Today, I made two more anger erasures, using the Wikipedia entry for “anger, cognitive effects” and “anger, expressive strategies,” respectively. When I read the poems over, they sounded like reports from some type of sinister human trial that violates everything I learned about conducting research with human subjects in my research methods course. So. Fair warning to you.

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Today I listened to Garbage’s self-titled album (circa 1995), but once I started working on these poems, I switched to Plans by Death Cab for Cutie and the relatively halcyon days of 2005, the year Charles, Prince of Wales married his true love Camillia Parker Bowles and the BBC rebooted Dr. Who.* Good times, good times.

*Other stuff also happened in 2005, including Hurricane Katrina, the death of Pope John Paul II, and the launch of YouTube, but I was trying to end on a positive note, y’all.

7 April 2020

I woke up with significantly less anger today. I felt very comforted by today’s writing prompt: write a poem based on a news article. The post even included links to a few news articles which, thankfully, had little to do with the actual news. I am actively avoiding the majority of those reports. I just read my daily Brookline, MA update each night and then check the latest numbers (you know which ones) in The Guardian. I limit the rest of my news consumption to coverage of the Royal family, updates from Shedd Aquarium, and Bon Appétit content.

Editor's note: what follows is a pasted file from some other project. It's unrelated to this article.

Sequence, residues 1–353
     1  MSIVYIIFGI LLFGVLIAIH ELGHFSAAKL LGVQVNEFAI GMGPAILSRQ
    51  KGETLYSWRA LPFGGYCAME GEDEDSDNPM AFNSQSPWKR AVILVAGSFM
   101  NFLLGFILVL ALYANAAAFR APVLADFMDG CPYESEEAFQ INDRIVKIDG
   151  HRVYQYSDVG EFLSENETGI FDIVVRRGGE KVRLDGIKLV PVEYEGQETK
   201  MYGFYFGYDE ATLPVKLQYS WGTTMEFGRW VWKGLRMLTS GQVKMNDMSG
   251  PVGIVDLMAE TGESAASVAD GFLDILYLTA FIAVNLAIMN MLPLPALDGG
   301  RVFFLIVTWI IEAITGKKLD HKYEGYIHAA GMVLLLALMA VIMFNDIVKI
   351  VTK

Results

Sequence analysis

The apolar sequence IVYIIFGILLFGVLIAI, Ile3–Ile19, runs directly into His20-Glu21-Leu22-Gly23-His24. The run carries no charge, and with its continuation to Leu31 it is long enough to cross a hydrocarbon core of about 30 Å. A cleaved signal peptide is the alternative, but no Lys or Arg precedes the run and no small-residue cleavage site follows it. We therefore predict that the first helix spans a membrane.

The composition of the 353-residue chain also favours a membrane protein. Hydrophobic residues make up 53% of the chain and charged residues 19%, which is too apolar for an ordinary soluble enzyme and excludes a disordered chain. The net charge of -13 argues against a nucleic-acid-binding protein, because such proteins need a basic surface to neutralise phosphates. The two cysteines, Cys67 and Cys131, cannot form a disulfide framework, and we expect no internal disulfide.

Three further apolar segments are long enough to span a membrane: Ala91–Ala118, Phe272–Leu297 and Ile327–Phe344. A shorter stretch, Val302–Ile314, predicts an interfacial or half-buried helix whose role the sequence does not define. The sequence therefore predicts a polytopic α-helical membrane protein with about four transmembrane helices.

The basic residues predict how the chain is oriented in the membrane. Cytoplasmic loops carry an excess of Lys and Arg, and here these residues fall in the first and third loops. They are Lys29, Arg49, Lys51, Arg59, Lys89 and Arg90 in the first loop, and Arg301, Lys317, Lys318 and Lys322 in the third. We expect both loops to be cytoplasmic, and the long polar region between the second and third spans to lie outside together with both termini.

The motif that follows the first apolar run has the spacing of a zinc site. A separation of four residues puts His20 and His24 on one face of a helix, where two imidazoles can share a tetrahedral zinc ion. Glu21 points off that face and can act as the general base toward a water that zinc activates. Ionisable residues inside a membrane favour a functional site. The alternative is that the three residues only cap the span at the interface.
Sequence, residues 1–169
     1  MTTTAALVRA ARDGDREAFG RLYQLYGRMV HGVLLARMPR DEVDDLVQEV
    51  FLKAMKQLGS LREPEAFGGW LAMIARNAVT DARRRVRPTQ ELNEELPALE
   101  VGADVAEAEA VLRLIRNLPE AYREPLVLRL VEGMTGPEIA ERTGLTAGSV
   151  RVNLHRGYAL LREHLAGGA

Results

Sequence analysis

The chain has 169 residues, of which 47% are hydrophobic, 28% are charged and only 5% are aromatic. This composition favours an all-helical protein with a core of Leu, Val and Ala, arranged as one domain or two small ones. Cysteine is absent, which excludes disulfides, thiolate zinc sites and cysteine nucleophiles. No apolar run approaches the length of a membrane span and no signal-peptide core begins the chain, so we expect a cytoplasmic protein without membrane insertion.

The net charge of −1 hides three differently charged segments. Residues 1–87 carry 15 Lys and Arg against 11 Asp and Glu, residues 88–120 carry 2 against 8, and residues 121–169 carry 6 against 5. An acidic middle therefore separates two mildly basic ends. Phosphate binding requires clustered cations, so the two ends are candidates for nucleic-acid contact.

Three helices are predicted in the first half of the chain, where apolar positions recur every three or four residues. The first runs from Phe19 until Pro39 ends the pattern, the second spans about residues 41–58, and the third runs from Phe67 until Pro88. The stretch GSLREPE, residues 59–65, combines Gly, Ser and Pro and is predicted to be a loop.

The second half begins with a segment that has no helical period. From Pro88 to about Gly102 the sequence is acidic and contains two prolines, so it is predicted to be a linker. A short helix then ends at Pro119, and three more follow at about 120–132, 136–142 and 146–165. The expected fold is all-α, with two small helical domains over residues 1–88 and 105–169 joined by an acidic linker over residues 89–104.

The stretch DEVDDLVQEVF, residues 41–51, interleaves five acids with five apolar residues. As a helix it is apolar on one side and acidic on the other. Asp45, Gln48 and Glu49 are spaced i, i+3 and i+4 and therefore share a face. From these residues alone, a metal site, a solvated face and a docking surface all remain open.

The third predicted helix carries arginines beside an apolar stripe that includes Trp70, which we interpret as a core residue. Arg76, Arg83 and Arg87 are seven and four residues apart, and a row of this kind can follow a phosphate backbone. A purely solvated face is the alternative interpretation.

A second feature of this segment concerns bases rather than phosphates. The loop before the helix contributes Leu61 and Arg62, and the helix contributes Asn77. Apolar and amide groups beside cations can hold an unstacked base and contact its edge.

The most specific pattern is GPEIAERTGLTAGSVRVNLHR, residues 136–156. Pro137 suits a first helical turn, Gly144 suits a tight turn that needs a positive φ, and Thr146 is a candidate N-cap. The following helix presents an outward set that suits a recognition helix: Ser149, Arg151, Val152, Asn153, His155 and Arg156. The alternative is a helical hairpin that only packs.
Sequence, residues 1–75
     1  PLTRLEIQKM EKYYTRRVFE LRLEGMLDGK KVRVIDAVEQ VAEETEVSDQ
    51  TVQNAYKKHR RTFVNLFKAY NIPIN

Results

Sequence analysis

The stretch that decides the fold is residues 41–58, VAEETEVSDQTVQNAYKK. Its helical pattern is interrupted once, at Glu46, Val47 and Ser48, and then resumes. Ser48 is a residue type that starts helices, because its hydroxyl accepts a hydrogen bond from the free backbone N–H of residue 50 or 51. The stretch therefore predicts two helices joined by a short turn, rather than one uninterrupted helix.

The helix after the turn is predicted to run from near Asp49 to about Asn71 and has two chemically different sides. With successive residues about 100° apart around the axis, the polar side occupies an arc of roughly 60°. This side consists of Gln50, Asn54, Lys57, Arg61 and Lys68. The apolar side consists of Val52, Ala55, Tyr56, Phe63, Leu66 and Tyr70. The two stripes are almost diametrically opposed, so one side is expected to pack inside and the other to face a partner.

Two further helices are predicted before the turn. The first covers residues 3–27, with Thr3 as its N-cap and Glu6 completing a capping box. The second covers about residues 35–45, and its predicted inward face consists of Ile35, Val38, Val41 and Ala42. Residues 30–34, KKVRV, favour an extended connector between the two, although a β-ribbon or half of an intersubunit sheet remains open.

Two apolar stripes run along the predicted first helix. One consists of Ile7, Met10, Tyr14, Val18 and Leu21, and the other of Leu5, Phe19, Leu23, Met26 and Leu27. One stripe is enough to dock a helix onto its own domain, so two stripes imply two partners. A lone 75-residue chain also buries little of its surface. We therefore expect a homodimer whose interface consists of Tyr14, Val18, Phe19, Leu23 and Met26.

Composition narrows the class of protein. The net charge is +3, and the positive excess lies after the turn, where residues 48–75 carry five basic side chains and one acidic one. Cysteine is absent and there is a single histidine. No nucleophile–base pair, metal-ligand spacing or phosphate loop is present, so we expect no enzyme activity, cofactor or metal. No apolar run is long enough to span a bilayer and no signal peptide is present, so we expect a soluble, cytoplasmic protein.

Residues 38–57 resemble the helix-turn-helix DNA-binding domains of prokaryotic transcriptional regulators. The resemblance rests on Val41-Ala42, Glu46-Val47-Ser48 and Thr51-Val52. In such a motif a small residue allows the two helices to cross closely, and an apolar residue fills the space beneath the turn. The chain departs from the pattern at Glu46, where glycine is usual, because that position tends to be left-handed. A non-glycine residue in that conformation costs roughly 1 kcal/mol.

Thinking about poetry and news at the same time always reminds me of these lines from William Carlos Williams:

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Those lines come from Williams’ long poem “Asphodel, That Greeny Flower,” and you can read an excerpt from it here.

So, as you can see, the news and poems can complement each other, and I liked seeing this juxtaposition in today’s NaPoWriMo prompt. I decided to use the article “Researchers Discover Faraway Planet Where the Rain is Made of Iron” as the source text for an erasure, and I found the process of creating this poem very restful. The poem did not demand anything from me or take anything from me. I just let my mind glide over the words, keeping the ones that struck a chord. Is this the best poem I have ever written? No. Is this worst poem I have ever written? Also no. It’s just a poem I made that has the word pretty in it. And that’s fine.

[Jill Hurst-Wahl uses the phrase “And that’s fine” in almost every one of her collection development lectures, and I find it so soothing.]

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7April2020_CapeCanaveral-2I was listening to Live Through This by Hole while I did this erasure, which does not sound restful or meditative but, oddly enough, was.

6 April 2020

Today, the NaPoWriMo prompt asks us to write an ekphrastic poem that uses Hieronymous Bosch’s triptych The Garden of Earthly Delights as its inspiration. This prompt felt exhausting to me for no apparent reason. I woke up in an extremely foul mood, hating everything and everyone. Moods like this always remind me of Edith Wharton’s novel Summer because in the opening scene the main character steps outside and says, “How I hate everything!”

The first time I read Summer that scene resonated with me on a deep, primal level, and I think of it often.

So, I feel a bit like Charity Royall today, even though she detests working in the library and I adore working in the library, and I did not use today’s prompt. Instead I started working on a little erasure series about anger, using sections from this Wikipedia entry as my source text.